Jim Sweeney Exiting Post at Franklinton Development Association
After serving for 14 years as the Executive Director of the Franklinton Development Association, Jim Sweeney is “hanging up his spurs.” Sweeney has helped to oversee a wide variety of projects that the group has been involved with — both directly and indirectly — including the construction and renovation of over 150 single family homes within the neighborhood, the relocation of the Columbus Idea Foundry to the neighborhood, and the creation of multiple arts events in the area.
“We have recently closed the chapter on several multi-year projects, so the time is right for a change,” said Sweeney. “And 14 years is a long time for one job.”
When Sweeney first began in his role at the FDA, Franklinton was a much different neighborhood.
“I hate to say that I was there from the beginning of the modern era, because there were many people here before me doing a lot of great work, but I was here for the building of the bridges and the completion of the floodwall,” he explained.
There was an expectation that the new floodwall — which was finished in 2003 — would open up the real estate floodgates for new development, but that process has taken much longer than originally anticipated.
“That didn’t occur because people were still unsure about Franklinton and unfamiliar with it,” said Sweeney. “There was nothing but negative perception of ‘The Bottoms’. We decided that art could be used as a tool to get people to come over and experience the area as a neighborhood. We needed to bring more people into the community to repopulate what is largely a depopulated place.”
Events including Go West, Urban Scrawl and Franklinton Fridays have given visitors new reasons to visit the neighborhood while artists have taken up residence in galleries and studios at 400 West Rich, the Ethical Arts Collective, the Vanderelli Room and elsewhere.
“There’s always been a clear and definitive sense of place here, but that used to be very negative,” added Sweeney. “We’ve turned that on its head, and made it into a positive.”
The Franklinton Development Association was a major stakeholder that helped with the creation of planning documents for East Franklinton in 2012 and West Franklinton in 2014. Some residents have criticized those naming designations as a divider for the neighborhood, but Sweeney says that the two sides of the same neighborhood have very different needs.
“The fact is — East Franklinton is going to develop faster than the western part, which is simply a function of geography,” he explained. “But one thing we really care about, is making sure we can take that growth and energy closer to Downtown, and channel it west as quickly as possible, so that we can reinvest in the more densely populated and lower-income part of the neighborhood.”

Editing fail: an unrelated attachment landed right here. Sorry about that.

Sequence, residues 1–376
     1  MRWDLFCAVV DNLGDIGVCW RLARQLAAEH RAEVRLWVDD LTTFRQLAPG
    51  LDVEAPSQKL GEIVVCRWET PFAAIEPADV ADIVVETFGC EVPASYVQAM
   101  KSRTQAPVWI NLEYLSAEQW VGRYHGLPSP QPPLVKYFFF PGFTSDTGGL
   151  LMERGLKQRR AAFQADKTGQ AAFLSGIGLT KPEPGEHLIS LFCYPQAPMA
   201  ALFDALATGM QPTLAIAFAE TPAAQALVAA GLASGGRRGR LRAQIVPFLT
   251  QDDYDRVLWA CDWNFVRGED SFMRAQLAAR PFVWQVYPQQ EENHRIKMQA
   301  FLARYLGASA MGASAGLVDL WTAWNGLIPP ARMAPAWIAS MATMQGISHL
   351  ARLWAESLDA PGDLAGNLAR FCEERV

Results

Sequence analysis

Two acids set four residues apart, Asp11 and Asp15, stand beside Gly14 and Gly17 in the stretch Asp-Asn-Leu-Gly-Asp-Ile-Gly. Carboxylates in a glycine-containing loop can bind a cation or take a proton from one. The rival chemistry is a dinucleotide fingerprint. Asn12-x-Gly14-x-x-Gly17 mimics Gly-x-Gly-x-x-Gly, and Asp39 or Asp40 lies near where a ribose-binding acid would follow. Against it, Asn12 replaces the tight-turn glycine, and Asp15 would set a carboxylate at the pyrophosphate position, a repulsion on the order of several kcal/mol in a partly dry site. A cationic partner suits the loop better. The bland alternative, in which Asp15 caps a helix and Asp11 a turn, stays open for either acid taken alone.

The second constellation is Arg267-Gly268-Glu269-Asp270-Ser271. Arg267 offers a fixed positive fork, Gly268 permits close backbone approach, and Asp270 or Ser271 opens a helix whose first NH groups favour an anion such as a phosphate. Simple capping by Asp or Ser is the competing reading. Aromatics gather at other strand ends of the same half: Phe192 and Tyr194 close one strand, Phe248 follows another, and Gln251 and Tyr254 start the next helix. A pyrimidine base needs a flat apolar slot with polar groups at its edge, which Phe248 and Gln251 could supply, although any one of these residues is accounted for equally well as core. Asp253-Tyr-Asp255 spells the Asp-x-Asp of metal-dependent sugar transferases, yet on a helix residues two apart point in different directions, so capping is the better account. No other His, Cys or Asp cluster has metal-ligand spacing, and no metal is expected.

When asked about programs and projects that he was most proud of that maybe went a little under the radar over the past decade, Sweeney had several examples to share.
“I’ve been a voice at the table for a lot of interesting projects that we did not do ourselves, and one is CMHA’s creation of Franklin Station, which is permanent supportive housing,” he said. “Many people who lived in Sunshine Terrace moved there, and I think it’s wonderful that we have permanent supportive housing. When the similar Commons at Grant was proposed Downtown, it got a lot of pushback from German Village. There was zero pushback in Franklinton. We have always had more than our share of low-income housing for decades, but we feel strongly that it’s going to be a part of our future to continue to carry our share.”
While his passion for the neighborhood still burns brightly, Sweeney is excited about handing over the reigns to new leadership. Jack Storey will serve as interim director following Sweeney’s departure on June 30th.
“This job requires energy and perspective, both of which ought to be renewed from time to time,” said Sweeney. “The organization is in good hands, and I think Jack’s the right person to run it. I have been very lucky to have a fantastic staff and a dedicated community board. And of course, Mayor Coleman was wonderful for Franklinton.”
As for what comes next for Sweeney, he’s not entirely sure just yet.
“I have not accepted another position, nor have I looked, but when the time is right, I’ll find a new challenge that suits me,” he said. “Or I may just roam the earth like Kung Fu or Jules. I don’t plan on leaving Franklinton and will always work at improving this community in one way or another. Shoot, I’ll at least improve my house!”
For more information, visit www.franklinton.org.